“Whether to grant a motion for mistrial is within the trial court's sound discretion, and the trial court's exercise of that discretion will not be disturbed on appeal unless a mistrial is essential to preserve the defendant's right to a fair trial.” Ottis v. State, 271 Ga. 200, 201, 517 S.E.2d 525 (1999). We find no abuse of the trial court's discretion in determining that the items panel members saw were unremarkable and their view of these items would not affect appellant's right to a fair trial. See Smith v. State, 288 Ga. 348, 350, 703 S.E.2d 629 (2010) (mistrial should be granted only where “ ‘essential to the preservation of the defendant's right to a fair trial’ “ (citations omitted)).

4. A second motion for mistrial was made after an investigator was asked what he would have done in the investigation if the DNA evidence from the vaginal swab had come back as belonging to someone other than appellant. At that point in the trial, the State had not yet introduced any evidence showing that semen was found in the victim's body or indicating that the sample matched appellant's DNA. Appellant moved for a mistrial, arguing a mistrial was required because the prosecutor had commented on facts not in evidence. The trial court denied the motion for mistrial but informed counsel that if the State did not present the evidence referred to, the prosecutor's question would be improper and the issue would be revisited by the court.

“ ‘When prejudicial matter is improperly placed before the jury, a mistrial is appropriate if it is essential to the preservation of the defendant's right to a fair trial. [Cit.] Whether the statements are so prejudicial as to warrant a mistrial is within the trial court's discretion. [Cits.]” Agee v. State, 279 Ga. 774, 777, 621 S.E.2d 434 (2005). In this case we find no prejudice and no abuse of the trial court's discretion because the evidence the prosecutor's question alluded to was subsequently introduced into evidence.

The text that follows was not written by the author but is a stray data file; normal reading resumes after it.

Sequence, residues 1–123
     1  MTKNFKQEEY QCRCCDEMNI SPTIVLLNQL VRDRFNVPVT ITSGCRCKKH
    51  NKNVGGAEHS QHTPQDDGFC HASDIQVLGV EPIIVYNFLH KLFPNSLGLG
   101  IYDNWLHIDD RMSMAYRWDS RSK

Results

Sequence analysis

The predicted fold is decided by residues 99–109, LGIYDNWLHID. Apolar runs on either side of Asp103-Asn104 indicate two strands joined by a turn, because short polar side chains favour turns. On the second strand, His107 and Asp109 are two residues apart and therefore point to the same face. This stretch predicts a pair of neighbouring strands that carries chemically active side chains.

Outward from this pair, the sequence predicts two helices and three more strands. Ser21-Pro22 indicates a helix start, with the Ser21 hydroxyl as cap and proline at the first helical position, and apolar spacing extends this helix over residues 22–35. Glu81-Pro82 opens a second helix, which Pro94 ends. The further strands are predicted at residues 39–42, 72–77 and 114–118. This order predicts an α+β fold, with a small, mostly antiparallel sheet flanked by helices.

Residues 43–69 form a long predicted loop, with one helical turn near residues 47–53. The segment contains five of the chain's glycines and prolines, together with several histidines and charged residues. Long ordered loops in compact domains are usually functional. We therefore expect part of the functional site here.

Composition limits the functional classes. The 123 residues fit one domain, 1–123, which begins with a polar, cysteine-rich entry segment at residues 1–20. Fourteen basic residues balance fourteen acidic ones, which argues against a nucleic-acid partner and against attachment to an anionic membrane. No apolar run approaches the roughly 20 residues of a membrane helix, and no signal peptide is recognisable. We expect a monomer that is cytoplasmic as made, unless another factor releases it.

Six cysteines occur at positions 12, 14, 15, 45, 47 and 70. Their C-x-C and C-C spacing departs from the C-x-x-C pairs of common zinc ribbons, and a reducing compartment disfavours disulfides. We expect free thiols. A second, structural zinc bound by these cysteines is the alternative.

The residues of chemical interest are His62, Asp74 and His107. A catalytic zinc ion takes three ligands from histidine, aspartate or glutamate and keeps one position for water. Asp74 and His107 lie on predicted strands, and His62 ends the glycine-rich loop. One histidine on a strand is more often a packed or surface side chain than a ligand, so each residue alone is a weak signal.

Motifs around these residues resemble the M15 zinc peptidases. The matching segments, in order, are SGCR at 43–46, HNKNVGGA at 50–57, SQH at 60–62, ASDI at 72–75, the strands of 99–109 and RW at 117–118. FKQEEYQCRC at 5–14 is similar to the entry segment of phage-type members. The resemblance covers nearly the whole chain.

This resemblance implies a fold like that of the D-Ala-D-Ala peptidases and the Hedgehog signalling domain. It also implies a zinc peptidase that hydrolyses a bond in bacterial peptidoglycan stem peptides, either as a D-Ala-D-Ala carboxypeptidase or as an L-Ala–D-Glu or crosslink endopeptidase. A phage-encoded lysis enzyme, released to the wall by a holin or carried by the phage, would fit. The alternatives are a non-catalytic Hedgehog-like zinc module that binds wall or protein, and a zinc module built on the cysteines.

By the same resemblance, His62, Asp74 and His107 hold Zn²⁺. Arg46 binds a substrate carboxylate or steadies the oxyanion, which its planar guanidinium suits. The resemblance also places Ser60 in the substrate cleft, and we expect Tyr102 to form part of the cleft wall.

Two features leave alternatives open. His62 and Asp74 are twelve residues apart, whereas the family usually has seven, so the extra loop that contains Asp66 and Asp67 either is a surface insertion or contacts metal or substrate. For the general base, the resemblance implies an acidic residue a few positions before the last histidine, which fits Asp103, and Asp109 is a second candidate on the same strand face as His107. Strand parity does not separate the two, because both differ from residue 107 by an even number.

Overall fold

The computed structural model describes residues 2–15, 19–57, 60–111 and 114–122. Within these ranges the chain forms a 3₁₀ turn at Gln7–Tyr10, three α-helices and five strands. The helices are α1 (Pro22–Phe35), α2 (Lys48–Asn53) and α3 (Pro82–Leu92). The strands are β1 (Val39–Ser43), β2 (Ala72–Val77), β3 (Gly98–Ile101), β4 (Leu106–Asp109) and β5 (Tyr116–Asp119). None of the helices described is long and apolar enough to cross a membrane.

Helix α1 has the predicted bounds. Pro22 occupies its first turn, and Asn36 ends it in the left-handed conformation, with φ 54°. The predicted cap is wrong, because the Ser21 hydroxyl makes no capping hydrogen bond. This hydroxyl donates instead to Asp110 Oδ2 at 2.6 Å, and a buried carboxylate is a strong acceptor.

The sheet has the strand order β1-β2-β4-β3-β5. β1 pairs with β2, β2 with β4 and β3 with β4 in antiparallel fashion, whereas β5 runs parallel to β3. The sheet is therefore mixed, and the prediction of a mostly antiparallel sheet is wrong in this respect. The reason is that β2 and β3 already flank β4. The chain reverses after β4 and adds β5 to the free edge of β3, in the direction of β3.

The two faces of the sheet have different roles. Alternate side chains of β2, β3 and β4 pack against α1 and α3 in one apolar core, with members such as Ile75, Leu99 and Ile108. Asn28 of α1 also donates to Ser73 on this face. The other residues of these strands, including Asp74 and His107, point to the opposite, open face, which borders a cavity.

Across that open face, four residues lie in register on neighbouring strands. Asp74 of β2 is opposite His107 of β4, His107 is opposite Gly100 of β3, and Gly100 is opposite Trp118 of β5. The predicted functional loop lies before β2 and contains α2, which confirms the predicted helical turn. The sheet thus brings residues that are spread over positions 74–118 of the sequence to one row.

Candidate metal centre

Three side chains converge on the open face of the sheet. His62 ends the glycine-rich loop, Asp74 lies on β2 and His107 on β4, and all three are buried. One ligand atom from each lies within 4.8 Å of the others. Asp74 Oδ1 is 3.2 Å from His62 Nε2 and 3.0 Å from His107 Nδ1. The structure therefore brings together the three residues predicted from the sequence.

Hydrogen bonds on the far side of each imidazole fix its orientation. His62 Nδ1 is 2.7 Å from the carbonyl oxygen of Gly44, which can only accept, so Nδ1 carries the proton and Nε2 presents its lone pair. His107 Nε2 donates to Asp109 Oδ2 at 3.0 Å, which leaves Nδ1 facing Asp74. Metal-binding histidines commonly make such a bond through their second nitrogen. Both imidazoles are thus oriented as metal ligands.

5. Appellant contends the trial court erred by allowing a witness whose name was not included on the State's witness list to testify at trial. Because appellant opted into reciprocal discovery pursuant to OCGA § 17–16–2(a), the State was required to provide the defense with the State's list of witnesses no later than ten days before trial. See OCGA § 17–16–8(a). OCGA § 17–16–6 sets forth the remedies for a defendant upon the State's failure to comply with § 17–16–8, providing that

the court may order the state to permit the discovery or inspection, interview of the witness, grant a continuance, or, upon a showing of prejudice and bad faith, prohibit the state from introducing the evidence not disclosed or presenting the witness not disclosed, or may enter such other order as it deems just under the circumstances.